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Name of the Researcher: Md. Ariful Islam Juel
Name of the Department: Department of Civil Engineering
Name of the Institution: Bangladesh University of Engineering and Technology (BUET)
Name of the Title: Stabilization of Tannery Sludge through Brick Production

Introduction
Leather industry in Bangladesh is considered as one with considerable growth and investment potential, earned $1.29 billion from exports in the 2013-14 fiscal which accounts for 4.2 percent of the country’s total exports (Hashem et al. 2015). The 113 tanneries which are mostly situated at Hazaribagh area, produce 180 million square feet of hides and skins per year and they generate about 20,000 m3 of wastewater containing 2500-12500 mg/l suspended solid (HUFFER and TAEGER 2004). In wastewater treatment process, different chemicals are added and most of the chemicals get settled out during the process. Finally they end up in the sludge. Due to inherent nature of training process the tannery wastewater contains a large amount of suspended solids, resulting in generation of sludge in effluent treatment plants. About 100-150 kg of dry solid matter is generated per ton of hides/skins processed (UNIDO 1998). In Bangladesh 85000 tons of wet salted hides and skins are processed annually and it is estimated that 19000 tons of partially dried (50%) sludge will be generated by the effluent treatment plants if all tanneries treat effluent. In conventional physic-chemical cum biological treatment system 70-80 per cent of the sludge is produced in the primary treatment and the remaining 20-30 per cent is produced in the secondary biological treatment. The solids content in the tannery effluent will depend upon the raw material, type of process adopted, chemicals used in the process and other in-plant control measures. The main sources of suspended solids generation are first soaking, liming and vegetable tanning that too if carried out in pits using crushed barks and nuts. Tannery sludge, an unwanted solid residual from the tannery wastewater treatment plant, has the potential to contaminate soil, surface water and groundwater by generated leachate and pose a threat to the environment and natural resources if the sludge is not disposed properly (Thomson et al. 1999). Tannery sludge contains elevated concentrations of heavy metals like As, Cr, Co, Ni, Cu, Zn, Fe, C dude to use of basic chromium salt, different syntans, dyes, pigments, retaining agents etc. in the tanning process. These heavy metals are very harmful, because of their non-biodegradable nature, long biological half-lives and their potential to accumulate in biological systems (Manahan 2005, Wilson and Pyatt 2007, Singh et al. 2004). A technique to treat or stabilize hazardous waste is by solidification in construction materials such as brick or concrete which has been applied in several instances for the cases of sewage and textile sludge and arsenic-rich filter materials (Cusido oand Cremades 2012, Rouf and Hossain 2003). Several studies have shown that this technique can be applicable for tannery sludge as well (Basegio et al. 2002). The solidified product may be disposed off to a secured landfill site or it can be recycled as construction materials if it meets the specific strength requirement and can be shown to leach toxic pollutants within acceptable limits (Rahmat 2001).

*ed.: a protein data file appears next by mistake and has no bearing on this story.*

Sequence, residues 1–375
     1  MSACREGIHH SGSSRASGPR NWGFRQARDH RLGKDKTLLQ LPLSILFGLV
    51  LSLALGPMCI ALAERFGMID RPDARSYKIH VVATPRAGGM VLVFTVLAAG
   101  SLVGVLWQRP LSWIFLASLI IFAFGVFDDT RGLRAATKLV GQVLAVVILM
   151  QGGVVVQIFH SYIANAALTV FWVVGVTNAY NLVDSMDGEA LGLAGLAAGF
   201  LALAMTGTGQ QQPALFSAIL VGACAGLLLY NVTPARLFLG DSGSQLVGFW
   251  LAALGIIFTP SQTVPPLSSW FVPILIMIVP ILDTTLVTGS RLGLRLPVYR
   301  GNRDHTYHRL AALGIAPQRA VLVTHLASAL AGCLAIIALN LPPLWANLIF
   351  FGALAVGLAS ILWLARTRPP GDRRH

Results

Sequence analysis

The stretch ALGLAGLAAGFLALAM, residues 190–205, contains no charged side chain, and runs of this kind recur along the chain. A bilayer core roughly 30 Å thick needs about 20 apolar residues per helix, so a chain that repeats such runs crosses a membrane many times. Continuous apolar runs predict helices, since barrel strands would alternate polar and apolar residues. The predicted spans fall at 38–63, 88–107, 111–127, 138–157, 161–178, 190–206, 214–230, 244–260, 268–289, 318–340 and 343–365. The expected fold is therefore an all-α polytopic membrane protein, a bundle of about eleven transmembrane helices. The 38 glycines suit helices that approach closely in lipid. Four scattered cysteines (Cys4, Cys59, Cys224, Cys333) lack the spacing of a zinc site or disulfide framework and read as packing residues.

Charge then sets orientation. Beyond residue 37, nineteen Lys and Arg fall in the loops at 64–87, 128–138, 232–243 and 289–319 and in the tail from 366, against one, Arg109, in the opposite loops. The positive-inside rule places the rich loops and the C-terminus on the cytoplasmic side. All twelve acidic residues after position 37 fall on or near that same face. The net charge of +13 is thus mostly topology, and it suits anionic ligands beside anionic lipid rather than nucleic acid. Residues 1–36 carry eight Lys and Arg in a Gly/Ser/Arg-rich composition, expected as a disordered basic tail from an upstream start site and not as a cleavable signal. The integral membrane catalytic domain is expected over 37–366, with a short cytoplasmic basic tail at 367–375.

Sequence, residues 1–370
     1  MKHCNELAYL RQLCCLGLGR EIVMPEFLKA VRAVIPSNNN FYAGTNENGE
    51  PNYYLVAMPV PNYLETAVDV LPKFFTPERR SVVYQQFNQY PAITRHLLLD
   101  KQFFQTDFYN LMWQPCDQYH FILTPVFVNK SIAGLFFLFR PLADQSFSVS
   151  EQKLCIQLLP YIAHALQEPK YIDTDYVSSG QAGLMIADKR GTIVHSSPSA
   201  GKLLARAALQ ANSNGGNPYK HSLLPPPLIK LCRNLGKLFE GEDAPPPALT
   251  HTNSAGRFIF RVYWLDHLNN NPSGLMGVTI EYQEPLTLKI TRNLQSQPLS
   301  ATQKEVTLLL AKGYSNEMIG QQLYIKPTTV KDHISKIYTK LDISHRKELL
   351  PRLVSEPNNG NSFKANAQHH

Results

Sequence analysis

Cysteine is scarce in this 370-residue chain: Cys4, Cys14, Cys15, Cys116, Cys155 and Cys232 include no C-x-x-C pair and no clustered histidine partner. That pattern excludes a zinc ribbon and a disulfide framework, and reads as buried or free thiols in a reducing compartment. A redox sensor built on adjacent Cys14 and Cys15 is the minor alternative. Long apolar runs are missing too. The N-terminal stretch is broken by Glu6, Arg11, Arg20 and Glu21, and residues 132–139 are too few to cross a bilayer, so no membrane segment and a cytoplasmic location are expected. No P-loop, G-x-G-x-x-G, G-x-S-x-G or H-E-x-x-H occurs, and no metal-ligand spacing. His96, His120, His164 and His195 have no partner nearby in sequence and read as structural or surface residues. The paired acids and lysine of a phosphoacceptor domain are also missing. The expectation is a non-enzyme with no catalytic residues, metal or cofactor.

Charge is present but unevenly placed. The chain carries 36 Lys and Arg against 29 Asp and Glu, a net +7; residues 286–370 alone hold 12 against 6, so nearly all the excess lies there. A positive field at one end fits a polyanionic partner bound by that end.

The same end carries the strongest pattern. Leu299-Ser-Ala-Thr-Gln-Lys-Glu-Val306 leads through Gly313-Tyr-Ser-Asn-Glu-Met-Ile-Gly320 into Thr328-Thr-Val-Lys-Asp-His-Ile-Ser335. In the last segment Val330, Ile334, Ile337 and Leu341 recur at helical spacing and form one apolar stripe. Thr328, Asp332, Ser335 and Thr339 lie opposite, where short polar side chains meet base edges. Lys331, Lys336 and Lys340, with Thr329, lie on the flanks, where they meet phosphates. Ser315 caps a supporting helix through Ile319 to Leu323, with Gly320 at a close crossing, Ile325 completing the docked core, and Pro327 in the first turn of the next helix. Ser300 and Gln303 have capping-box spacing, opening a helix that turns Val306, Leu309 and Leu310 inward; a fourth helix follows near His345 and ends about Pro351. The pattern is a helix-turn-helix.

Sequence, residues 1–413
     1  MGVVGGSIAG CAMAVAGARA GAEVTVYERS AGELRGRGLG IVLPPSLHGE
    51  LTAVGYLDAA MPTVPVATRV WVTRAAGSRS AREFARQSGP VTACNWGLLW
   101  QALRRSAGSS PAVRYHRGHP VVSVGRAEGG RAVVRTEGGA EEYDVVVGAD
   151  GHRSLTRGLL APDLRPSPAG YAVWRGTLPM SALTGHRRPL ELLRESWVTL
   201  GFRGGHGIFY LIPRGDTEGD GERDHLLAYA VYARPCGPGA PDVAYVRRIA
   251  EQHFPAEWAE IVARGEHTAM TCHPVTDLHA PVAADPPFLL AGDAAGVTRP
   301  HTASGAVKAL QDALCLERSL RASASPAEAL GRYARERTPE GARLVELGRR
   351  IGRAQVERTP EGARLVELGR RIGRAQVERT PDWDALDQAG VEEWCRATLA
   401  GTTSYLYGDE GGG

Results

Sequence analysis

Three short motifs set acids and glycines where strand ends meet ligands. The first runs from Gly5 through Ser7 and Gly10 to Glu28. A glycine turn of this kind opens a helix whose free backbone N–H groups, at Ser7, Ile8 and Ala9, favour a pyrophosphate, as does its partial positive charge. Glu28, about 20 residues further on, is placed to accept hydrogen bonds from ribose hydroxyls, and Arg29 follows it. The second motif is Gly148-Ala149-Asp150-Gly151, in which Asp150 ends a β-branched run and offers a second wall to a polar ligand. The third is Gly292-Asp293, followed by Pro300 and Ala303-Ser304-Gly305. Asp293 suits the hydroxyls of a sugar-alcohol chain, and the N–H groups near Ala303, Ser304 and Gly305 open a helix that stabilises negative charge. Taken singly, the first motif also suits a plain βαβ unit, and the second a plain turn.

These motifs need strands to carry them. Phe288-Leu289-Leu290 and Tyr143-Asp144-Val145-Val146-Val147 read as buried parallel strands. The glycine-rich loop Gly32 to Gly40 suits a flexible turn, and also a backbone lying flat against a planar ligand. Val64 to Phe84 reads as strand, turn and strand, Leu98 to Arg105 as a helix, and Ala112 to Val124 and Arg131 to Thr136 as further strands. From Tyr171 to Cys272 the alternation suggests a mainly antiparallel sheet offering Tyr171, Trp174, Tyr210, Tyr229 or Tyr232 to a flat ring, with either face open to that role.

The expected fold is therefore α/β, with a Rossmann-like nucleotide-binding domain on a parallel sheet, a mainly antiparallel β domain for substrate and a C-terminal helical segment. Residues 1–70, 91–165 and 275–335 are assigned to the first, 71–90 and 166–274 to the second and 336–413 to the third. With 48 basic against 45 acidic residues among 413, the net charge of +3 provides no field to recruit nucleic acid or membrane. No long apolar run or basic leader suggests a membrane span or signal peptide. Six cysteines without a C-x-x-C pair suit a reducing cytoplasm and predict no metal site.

Specific research objectives

The objectives of the study were to investigate the tannery sludge management through brick production. Since Bangladesh is a developing country brick s are used in a large extent for the building construction. To meet the demand of millions and millions of bricks, a large number of brick fields have been established and increasing day by day. For this reason a tremendous pressure are falling on soil for raw materials of bricks resulting the reduction of agricultural fields. So the tannery sludge can be vital substitute of solid to some extent for the brick production which on the other hand, will reduce the environmental burden regarding sludge disposal. Different measurements of both clay – sludge mixture and bricks were carried out to evaluate the factors that could affect brick quality.
Major findings

For more information on this research, please contact the National Resource Centre, NGO Forum for Public Health, E-mail: nrc@ngof.org